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Crystal structure of a light-driven sodium pump

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Bamann,  Christian
Department of Biophysical Chemistry, Max Planck Institute of Biophysics, Max Planck Society;

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Bamberg,  Ernst
Department of Biophysical Chemistry, Max Planck Institute of Biophysics, Max Planck Society;

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Citation

Gushchin, I., Shevchenko, V., Polovinkin, V., Kovalev, K., Alekseev, A., Round, E., et al. (2015). Crystal structure of a light-driven sodium pump. Nature Structural and Molecular Biology, 22(5), 390-395. doi:10.1038/nsmb.3002.


Cite as: http://hdl.handle.net/11858/00-001M-0000-002A-4102-4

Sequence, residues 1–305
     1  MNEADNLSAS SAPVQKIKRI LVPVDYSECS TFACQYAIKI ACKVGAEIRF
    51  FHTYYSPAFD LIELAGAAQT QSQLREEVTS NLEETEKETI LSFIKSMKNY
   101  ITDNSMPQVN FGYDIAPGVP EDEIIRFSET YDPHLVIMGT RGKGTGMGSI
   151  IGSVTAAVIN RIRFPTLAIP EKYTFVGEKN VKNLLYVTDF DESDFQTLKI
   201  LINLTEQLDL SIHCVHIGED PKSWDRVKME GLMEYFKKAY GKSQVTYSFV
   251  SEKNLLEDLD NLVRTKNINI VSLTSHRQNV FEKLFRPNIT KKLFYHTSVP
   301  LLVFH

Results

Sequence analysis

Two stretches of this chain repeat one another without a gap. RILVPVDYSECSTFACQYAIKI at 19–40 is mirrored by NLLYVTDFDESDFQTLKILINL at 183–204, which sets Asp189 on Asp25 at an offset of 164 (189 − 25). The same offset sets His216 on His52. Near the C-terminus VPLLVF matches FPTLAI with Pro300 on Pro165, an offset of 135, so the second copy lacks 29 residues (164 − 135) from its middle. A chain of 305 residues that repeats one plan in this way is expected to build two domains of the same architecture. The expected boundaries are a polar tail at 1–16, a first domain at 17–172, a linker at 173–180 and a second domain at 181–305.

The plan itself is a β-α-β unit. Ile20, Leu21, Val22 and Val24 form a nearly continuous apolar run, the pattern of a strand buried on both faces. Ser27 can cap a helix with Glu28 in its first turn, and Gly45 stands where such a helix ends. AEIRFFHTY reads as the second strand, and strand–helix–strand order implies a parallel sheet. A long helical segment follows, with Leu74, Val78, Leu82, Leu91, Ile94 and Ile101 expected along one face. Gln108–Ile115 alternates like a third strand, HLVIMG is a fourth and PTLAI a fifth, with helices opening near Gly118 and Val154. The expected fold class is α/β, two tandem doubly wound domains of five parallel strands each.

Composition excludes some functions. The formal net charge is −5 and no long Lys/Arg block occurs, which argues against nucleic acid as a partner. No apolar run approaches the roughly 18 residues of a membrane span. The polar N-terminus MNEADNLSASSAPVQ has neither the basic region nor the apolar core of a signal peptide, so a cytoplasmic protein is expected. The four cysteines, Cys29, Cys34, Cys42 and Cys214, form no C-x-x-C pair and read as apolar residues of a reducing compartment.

Abstract
Recently, the first known light-driven sodium pumps, from the microbial rhodopsin family, were discovered. We have solved the structure of one of them, Krokinobacter eikastus ​rhodopsin 2 (​KR2), in the monomeric blue state and in two pentameric red states, at resolutions of 1.45 Å and 2.2 and 2.8 Å, respectively. The structures reveal the ion-translocation pathway and show that the sodium ion is bound outside the protein at the oligomerization interface, that the ion-release cavity is capped by a unique N-terminal α-helix and that the ion-uptake cavity is unexpectedly large and open to the surface. Obstruction of the cavity with the mutation G263F imparts ​KR2 with the ability to pump potassium. These results pave the way for the understanding and rational design of cation pumps with new specific properties valuable for optogenetics.